Blue Crabs are found from Nova Scotia to northern Argentina but are most abundant from Massachusetts on down and around the coast to Texas. They are particularly important to the economy in the Chesapeake Bay area of Maryland and Virginia. They can grow to about 9.1 inches across the points of the shell, but the photo example was 7 inches and weighed 8-3/4 ounces.
This is a highly mobile "swimming crab" which will travel a couple hundred miles seasonally. It is very active and feisty and you don't want to get pinched because the claws are very strong. Populations in the Chesapeake Bay have been declining and major experimental hatcheries have been established to try to reverse the decline. The demand is so great crabs are now being imported from as far away as Texas.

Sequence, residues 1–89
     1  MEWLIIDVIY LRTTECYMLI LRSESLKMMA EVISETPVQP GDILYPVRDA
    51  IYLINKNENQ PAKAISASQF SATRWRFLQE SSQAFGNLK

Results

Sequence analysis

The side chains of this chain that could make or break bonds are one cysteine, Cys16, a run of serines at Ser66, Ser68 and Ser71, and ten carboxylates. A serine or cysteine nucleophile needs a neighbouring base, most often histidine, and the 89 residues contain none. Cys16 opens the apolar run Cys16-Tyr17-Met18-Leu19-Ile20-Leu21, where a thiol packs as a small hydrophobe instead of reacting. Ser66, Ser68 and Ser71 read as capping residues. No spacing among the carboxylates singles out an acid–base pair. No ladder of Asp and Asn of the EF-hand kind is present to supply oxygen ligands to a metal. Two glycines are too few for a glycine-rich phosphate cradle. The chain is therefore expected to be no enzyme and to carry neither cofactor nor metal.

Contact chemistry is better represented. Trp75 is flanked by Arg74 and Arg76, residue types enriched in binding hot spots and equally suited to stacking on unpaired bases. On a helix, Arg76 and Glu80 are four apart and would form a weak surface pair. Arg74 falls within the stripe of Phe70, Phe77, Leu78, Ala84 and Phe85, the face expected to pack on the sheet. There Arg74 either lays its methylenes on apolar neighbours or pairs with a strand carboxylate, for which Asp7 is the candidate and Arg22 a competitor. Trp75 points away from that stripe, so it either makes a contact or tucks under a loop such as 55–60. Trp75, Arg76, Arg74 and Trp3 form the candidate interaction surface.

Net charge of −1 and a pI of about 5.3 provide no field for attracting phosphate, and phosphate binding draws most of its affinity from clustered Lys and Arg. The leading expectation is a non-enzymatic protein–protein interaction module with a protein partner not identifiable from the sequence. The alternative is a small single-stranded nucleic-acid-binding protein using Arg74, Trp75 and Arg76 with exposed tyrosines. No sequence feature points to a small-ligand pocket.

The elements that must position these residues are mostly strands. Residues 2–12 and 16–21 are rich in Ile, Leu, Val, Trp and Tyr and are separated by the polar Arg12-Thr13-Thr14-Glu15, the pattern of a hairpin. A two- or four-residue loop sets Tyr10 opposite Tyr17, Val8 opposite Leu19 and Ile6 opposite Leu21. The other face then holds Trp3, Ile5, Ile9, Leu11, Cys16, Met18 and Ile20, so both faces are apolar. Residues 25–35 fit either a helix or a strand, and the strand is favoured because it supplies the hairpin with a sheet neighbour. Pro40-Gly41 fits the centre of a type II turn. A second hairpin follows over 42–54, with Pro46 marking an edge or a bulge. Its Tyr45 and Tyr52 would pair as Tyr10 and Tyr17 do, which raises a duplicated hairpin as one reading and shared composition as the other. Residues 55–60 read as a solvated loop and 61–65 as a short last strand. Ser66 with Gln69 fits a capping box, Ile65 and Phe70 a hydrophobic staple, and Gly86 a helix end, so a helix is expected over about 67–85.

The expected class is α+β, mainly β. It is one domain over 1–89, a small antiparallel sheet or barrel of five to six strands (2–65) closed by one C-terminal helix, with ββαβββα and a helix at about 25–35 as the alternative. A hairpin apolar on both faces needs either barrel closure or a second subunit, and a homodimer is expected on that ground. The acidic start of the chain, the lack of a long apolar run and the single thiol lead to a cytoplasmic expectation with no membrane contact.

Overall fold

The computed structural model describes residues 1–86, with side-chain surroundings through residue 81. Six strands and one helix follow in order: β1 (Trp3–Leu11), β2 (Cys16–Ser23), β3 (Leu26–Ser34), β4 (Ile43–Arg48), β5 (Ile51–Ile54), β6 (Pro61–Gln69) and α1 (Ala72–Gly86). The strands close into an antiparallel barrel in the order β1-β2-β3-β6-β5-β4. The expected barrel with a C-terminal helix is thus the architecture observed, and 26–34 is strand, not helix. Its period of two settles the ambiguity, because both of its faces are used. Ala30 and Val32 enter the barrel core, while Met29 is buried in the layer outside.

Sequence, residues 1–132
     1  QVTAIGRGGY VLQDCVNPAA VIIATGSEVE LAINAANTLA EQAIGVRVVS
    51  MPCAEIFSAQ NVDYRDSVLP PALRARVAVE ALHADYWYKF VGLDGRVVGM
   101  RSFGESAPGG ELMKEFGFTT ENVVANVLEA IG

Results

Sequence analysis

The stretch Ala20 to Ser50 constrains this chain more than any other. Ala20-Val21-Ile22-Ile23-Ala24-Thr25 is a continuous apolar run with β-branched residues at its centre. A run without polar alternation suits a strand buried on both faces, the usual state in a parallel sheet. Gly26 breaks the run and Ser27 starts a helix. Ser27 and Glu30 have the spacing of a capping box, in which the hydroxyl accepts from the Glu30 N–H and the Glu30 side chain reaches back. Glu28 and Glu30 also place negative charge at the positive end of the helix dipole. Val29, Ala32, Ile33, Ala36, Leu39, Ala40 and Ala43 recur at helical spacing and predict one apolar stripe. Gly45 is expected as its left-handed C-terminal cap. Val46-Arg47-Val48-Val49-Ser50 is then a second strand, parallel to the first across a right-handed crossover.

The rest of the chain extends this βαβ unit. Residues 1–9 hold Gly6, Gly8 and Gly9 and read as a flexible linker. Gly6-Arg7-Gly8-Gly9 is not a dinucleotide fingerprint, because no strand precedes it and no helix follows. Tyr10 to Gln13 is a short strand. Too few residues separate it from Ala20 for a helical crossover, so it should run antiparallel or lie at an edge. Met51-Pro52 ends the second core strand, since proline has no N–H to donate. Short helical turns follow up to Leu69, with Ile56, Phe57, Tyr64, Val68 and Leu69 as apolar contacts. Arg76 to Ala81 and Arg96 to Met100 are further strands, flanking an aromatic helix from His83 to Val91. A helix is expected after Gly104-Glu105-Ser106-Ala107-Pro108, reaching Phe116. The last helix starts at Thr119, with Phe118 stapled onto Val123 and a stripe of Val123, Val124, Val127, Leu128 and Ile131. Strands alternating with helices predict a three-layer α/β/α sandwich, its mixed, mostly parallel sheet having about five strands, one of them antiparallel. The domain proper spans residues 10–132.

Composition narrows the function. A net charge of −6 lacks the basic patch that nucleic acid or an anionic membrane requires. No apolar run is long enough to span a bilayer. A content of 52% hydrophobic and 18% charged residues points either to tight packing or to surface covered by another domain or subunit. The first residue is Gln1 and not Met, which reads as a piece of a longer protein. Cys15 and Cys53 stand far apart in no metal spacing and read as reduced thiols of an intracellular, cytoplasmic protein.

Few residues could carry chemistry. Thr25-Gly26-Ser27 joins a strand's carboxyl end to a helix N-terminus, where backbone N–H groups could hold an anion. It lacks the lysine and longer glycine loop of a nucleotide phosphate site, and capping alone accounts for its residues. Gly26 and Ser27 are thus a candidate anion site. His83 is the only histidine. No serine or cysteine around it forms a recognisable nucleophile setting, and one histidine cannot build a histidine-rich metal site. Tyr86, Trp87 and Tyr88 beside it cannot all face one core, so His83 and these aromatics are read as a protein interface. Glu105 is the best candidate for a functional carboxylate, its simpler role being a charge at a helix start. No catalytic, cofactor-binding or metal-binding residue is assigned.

More on Crabs.
Blue Crab flesh is very tender and succulent, but it's a crab you eat for the adventure not to fill you up. Eating them is quite a project and yield is extremely low, 8% for smaller females to 14% for larger males. A 4-1/4 inch 3.8 ounce female crab, carefully picked, yielded 0.3 ounces of edible crab (8%). Figure 6 or 7 crabs per person and have plenty of other stuff to eat.
Females have red claw tips and males blue claw tips. On the underside immature females have a triangular "apron", mature females have a wide rounded apron and males have a narrow pointy apron. Males are called "Jimmies", immature females "Sally" or "She Crabs" and mature females are called "Sook".
Blue crabs are sold by two grading methods, a number system on the docks and a size system in commerce (with typically exaggerated size designations).
Most of the male crabs go to the East Coast or are sold to fancy restaurants elsewhere. #3s (all female) are sent to Southern California where they are sold in Philippine fish markets, often for less than $1.00/pound.
There are two generally accepted ways to eat these crabs: